Information in Explaining Cognition: How to Evaluate It?

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1 Scopus citations


The claims that “The brain processes information” or “Cognition is information processing” are accepted as truisms in cognitive science. However, it is unclear how to evaluate such claims absent a specification of “information” as it is used by neurocognitive theories. The aim of this article is, thus, to identify the key features of information that information-based neurocognitive theories posit. A systematic identification of these features can reveal the explanatory role that information plays in specific neurocognitive theories, and can, therefore, be both theoretically and practically important. These features can be used, in turn, as desiderata against which candidate theories of information may be evaluated. After discussing some characteristics of explanation in cognitive science and their implications for “information”, three notions are briefly introduced: natural, sensory, and endogenous information. Subsequently, six desiderata are identified and defended based on cognitive scientific practices. The global workspace theory of consciousness is then used as a specific case study that arguably posits either five or six corresponding features of information.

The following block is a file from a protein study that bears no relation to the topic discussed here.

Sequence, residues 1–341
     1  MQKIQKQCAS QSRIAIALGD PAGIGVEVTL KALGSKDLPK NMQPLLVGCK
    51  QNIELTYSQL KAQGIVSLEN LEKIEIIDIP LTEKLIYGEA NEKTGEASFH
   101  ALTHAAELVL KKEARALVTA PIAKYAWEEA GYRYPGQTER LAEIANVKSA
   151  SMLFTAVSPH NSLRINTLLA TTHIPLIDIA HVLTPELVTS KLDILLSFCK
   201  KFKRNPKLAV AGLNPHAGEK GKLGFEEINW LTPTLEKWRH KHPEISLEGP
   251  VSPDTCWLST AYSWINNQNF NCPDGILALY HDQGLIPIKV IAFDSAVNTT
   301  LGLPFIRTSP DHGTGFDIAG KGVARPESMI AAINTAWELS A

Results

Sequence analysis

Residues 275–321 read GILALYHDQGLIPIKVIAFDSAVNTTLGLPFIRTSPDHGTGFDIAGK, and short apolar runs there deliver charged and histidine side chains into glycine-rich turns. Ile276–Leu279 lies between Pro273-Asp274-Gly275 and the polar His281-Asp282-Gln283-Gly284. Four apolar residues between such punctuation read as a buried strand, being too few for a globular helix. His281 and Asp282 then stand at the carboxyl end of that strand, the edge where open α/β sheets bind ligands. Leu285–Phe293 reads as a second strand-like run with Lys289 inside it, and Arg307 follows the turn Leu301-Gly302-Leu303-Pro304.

Original languageEnglish
Article number28
Issue number2
StatePublished - 1 Apr 2022


  • Cognition
  • Cognitive science
  • Desiderata
  • Endogenous information
  • Natural information
  • Receiver
  • Scientific explanation
  • Semantic information
  • Sender
  • Sensory information

ASJC Scopus subject areas

  • Philosophy
  • History and Philosophy of Science


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